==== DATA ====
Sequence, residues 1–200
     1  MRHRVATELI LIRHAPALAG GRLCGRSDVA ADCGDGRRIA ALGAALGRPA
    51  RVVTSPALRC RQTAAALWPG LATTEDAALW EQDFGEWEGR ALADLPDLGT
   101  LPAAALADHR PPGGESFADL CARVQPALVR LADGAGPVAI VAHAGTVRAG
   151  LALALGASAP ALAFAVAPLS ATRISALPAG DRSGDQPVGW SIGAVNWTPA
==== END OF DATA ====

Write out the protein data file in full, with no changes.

Sequence, residues 1–200
     1  MRHRVATELI LIRHAPALAG GRLCGRSDVA ADCGDGRRIA ALGAALGRPA
    51  RVVTSPALRC RQTAAALWPG LATTEDAALW EQDFGEWEGR ALADLPDLGT
   101  LPAAALADHR PPGGESFADL CARVQPALVR LADGAGPVAI VAHAGTVRAG
   151  LALALGASAP ALAFAVAPLS ATRISALPAG DRSGDQPVGW SIGAVNWTPA